ATLANTA — Gov. Brian Kemp announced Tuesday a bipartisan bill aimed at overhauling the state’s citizen arrest laws. The legislation comes as the one-year anniversary of Ahmaud Arbery’s murder nears.
Channel 2 investigator reporter Mark Winne attended the news conference held by Kemp and lawmakers sponsoring the bill. Winne spoke with Arbery’s mother after the bill was announced.
“Unfortunately, Ahmaud had to lose his life to get change. I look at it, Ahmaud didn’t die in vain,” Arbery’s mother Wanda Cooper Jones told Winne. “I’m glad that something is finally being implemented to protect the citizens of Georgia.”
Currently, Georgia law states that a private citizen can arrest someone if a criminal act is committed in his or her presence.
According to the proposal, the new bill wants to repeal the current law and tailor codes to protect Georgians rights and safety. The bill also wants to eliminate loopholes “that could be used to justify vigilantism.”
“One of the most fundamental rights of any citizen is the right to defend themselves or others, and this legislation does not undermine or infringe on that sacred protection,” Kemp said. “This bill repeals the current Civil War-era statute in order to prevent the terrible consequences of a vague and outdated law, and clarifies when a citizen, business owner, or law enforcement officer may reasonably detain an individual.”
The bill would creates specific instances in which a business owner or private person may detain someone.
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Feb. 23 will mark one year since Arbery was chased, gunned down and killed in a Brunswick, Georgia neighborhood.
The suspects, Greg McMichael, Travis McMichael and William “Roddie” Bryan, have claimed self-defense and pled not guilty to their charges.
One of the defense lawyers in the case has indicated he expects Georgia’s old citizens arrest law will be front and center. Bob Rubin said he believes his client Travis McMichael at least used it appropriately.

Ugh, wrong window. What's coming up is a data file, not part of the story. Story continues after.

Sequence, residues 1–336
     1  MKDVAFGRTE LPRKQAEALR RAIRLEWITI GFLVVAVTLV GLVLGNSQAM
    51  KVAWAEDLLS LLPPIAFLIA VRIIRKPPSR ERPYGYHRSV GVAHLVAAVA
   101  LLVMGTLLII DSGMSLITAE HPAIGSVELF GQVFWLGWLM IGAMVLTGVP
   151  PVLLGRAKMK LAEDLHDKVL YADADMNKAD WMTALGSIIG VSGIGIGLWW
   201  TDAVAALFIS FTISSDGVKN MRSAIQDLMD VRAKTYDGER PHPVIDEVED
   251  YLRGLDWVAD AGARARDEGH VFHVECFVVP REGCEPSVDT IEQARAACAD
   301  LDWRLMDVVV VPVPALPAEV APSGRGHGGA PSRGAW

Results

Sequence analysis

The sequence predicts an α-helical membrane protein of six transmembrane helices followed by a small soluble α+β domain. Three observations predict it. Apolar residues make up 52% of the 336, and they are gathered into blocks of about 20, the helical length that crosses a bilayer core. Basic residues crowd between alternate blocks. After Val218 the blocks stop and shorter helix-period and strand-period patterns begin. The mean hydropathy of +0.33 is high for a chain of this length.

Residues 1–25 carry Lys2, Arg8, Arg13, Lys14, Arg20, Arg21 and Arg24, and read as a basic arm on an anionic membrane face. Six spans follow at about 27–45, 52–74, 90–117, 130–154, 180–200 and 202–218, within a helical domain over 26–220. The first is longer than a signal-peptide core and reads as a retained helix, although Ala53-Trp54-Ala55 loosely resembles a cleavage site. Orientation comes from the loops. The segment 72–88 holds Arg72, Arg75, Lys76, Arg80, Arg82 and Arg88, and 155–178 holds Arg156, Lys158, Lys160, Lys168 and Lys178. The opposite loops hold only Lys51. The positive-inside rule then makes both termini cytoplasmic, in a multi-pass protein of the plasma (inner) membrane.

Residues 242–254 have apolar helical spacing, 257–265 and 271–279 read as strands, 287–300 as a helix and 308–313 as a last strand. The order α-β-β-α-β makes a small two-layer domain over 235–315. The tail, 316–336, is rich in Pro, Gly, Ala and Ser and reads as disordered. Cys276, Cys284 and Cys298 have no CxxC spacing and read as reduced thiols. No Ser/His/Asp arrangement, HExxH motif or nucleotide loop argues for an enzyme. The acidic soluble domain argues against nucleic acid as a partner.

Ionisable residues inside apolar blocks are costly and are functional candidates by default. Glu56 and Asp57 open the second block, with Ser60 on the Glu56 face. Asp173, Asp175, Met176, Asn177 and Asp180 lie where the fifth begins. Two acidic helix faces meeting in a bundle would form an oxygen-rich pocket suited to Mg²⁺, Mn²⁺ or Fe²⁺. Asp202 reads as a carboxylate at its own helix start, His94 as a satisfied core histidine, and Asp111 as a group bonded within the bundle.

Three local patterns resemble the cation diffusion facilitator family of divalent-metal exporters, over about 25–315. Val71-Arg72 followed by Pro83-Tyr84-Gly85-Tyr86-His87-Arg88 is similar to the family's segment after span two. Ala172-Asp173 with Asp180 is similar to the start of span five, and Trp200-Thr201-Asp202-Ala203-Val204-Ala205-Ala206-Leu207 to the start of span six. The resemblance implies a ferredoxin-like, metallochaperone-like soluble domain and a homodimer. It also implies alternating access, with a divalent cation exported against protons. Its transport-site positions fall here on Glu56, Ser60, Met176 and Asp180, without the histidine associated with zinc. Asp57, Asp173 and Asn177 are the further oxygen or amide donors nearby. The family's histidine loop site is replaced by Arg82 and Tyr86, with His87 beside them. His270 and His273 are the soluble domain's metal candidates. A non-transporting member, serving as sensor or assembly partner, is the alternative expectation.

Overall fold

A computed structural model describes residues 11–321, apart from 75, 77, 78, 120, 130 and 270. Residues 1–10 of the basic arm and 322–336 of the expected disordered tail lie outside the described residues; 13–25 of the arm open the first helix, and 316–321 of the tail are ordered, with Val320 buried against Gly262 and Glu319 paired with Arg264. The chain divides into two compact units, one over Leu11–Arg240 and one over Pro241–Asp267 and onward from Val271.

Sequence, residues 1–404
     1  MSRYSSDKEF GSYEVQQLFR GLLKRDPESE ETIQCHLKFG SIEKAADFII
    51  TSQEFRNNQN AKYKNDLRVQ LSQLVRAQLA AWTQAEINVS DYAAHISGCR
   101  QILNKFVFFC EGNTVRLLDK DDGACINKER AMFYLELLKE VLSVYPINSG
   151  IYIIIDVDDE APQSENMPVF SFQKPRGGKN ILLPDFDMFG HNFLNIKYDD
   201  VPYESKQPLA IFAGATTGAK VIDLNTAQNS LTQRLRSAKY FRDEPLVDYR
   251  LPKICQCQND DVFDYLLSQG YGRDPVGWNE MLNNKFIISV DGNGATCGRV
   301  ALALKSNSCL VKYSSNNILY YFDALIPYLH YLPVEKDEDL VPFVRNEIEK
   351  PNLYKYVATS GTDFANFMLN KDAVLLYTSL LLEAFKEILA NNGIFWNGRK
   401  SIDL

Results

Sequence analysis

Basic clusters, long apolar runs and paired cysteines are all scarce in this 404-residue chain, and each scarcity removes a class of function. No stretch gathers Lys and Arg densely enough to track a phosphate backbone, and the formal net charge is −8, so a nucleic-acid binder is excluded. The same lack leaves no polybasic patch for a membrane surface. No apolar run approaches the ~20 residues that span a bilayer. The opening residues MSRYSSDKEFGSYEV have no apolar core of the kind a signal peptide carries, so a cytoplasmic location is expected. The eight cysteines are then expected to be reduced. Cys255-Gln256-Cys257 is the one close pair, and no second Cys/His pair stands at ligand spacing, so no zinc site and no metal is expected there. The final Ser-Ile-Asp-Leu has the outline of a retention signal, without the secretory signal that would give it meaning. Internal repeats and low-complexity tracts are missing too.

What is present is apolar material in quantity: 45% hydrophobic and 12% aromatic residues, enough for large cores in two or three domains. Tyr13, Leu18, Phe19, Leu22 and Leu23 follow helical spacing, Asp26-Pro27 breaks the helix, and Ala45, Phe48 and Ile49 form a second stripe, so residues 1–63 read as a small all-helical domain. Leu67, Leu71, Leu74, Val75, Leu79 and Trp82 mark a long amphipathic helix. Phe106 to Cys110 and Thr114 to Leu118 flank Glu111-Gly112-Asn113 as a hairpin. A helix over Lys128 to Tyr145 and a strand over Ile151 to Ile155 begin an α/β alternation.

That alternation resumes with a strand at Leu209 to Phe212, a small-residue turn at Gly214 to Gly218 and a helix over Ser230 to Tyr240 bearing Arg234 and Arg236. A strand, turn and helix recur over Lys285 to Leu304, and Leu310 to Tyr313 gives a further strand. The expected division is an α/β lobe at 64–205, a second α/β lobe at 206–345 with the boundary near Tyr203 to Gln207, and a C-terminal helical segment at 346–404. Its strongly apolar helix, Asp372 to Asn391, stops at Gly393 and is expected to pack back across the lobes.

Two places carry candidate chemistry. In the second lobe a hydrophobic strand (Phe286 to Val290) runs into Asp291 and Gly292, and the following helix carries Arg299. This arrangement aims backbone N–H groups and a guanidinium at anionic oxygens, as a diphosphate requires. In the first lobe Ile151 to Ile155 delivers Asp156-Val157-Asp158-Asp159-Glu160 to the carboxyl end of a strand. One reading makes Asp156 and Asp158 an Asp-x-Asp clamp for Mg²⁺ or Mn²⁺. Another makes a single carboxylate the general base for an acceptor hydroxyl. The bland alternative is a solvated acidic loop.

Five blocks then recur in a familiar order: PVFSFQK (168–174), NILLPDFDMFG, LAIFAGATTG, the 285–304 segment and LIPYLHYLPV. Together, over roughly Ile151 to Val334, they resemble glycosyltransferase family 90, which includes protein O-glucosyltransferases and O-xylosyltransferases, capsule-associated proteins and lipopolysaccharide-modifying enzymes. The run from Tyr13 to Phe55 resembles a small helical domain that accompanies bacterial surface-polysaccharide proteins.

Arbery’s family has repeatedly said during the past year that Arbery was only jogging through the neighborhood.
“Ahmaud wasn’t doing a crime. He was thought to be doing a crime and he lost his life so senselessly not doing anything wrong,” Cooper-Jones said.
The lawmakers behind the new citizen arrest bill says it is a follow-up to a hate crime law that Kemp signed in June.
Rep. Calvin Smyre (D-Columbus) says he predicts swift passage because of bipartisan support.
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Georgia’s Citizens’ Arrest Statute Overhaul Bill
2021 Legislative Session
LC 41 2936-EC
The antiquated concept of a private citizen’s right to detain wrongdoers under certain circumstances is rooted in English Common Law. Such “arrests” are permitted under slightly varying circumstances via either statute or case law in all 50 American states. Georgia’s current “citizens’ arrest” statute was first codified in 1863.
Georgia’s current “citizens’ arrest” statutes are found in Code Sections 17-4-60, 17-4-61, and 17-4-62. These statutes permit private citizens to perform arrests of offenders who commit crimes within the citizen’s presence or immediate knowledge. If the offender is attempting to escape, and the crime committed is a felony, then the private citizen may pursue the offender and arrest them so long as the citizen has reasonable and probable grounds of suspicion that the offender committed the crime.